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'Suffer five and enjoy 50'

Crawford urges students to do away with ‘bling’ culture

Thursday, February 06, 2014    

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STATE Minister in the Ministry of Tourism and Entertainment, Damion Crawford, has encouraged young persons to get rid of the bling culture as it is an obstacle to educational achievement and obtaining high-end jobs.

Crawford, who was delivering the keynote address at the Jose Marti Technical High School Boys' Day Monday in Twickenham Park, St Catherine, urged the students to use their time at school to get prepared for the best jobs in the workforce.

"If you don't focus on making yourself capable and better in school, you are going to enjoy five years, and suffer 50 years. I would prefer to suffer five, and enjoy 50," he said.

The State minister explained that when they idle for five years in high school, their parents are responsible for them as they "enjoy" the time, but after that they are responsible for their survival, and without education they will face unnecessary hardships.

Stressing that the country's future development rests heavily on a prepared youth population, Crawford urged the students to be very involved in it, "because it is your country." He added that if they do not develop themselves, they will not be able to contribute to the process.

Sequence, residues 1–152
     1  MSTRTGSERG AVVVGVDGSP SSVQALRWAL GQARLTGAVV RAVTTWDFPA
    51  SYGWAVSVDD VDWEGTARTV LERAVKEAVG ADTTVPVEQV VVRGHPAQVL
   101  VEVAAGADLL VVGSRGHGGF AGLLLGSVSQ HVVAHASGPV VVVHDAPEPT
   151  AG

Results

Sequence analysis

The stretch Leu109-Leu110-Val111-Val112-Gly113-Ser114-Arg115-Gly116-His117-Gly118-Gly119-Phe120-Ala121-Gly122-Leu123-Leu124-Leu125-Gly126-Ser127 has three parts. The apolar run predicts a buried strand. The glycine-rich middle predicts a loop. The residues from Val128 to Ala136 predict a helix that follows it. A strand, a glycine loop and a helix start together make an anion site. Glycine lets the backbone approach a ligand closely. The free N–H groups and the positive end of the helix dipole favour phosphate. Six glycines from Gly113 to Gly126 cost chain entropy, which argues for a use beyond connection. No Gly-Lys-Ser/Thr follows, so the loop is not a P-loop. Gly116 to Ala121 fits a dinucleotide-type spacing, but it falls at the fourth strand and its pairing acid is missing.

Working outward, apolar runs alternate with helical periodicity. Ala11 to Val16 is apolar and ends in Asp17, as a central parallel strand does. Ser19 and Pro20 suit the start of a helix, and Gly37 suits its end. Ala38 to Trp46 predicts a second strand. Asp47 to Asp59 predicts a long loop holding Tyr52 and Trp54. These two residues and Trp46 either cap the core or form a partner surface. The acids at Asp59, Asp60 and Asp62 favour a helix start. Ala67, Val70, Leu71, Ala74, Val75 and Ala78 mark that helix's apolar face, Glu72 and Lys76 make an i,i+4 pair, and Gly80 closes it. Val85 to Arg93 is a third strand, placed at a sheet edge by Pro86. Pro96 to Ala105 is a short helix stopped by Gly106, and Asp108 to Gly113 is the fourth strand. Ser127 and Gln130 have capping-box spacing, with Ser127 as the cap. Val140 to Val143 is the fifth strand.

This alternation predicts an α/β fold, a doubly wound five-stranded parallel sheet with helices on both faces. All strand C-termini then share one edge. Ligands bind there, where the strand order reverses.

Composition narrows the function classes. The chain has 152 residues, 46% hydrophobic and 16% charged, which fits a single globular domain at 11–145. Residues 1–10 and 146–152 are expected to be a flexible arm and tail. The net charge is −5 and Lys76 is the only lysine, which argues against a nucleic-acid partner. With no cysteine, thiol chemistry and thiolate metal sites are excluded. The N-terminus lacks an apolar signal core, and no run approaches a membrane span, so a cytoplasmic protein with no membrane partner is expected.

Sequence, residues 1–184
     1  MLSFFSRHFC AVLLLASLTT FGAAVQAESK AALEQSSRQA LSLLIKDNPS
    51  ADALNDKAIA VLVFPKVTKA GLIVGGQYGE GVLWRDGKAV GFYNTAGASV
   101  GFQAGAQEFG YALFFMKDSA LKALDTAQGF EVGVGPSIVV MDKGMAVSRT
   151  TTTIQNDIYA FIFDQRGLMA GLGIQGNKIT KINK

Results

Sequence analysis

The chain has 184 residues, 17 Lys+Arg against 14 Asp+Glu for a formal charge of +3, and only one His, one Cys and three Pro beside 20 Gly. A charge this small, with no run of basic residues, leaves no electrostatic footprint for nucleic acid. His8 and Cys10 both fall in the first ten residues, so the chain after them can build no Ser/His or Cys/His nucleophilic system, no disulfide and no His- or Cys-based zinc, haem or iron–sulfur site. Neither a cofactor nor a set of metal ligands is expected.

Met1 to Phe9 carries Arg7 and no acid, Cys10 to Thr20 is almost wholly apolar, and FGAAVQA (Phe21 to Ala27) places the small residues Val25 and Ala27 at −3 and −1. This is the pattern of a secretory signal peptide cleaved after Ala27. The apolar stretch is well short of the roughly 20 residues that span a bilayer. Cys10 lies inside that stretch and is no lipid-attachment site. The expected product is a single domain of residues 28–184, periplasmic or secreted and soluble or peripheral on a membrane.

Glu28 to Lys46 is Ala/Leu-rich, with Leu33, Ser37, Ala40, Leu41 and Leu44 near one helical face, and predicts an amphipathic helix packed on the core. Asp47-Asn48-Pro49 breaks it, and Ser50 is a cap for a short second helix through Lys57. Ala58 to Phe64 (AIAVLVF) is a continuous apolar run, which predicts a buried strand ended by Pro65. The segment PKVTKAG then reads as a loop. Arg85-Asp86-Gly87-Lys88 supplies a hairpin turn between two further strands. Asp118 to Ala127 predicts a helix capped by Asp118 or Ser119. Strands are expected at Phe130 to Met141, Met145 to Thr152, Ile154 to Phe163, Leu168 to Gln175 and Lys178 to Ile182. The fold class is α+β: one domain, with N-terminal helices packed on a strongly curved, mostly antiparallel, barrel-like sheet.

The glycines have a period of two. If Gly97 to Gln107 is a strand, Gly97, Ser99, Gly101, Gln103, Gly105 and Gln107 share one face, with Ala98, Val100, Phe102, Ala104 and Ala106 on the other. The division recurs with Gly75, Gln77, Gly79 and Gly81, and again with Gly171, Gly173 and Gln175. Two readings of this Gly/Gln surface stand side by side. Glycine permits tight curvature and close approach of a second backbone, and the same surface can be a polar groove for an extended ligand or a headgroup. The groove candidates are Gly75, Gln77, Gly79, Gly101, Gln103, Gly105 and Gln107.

President of the Past Students' Association, Courtney Francis, applauded the move by the school to engage the boys in the day's activities.

"We hope that it can bear the required fruit of turning out real men who will stand up to their responsibility. The State Minister got to the core of the matter, and I hope that the boys took it seriously. If they were to take any part or the whole from today's presentation, they certainly will be much better men in the future," Francis said.

For her part, guidance counsellor at the school, Ann Marie McKenzie, said the aim of the event was geared at building the social skills of the students.

"It is an empowerment day for our boys; we want them to recognise their abilities. The State minister wants them to recognise how they can make a change. He expects them to reflect and put into perspective the 'mathematics' of life. You can't expect to do no work in school, and then expect to get the big jobs," she said.

— JIS

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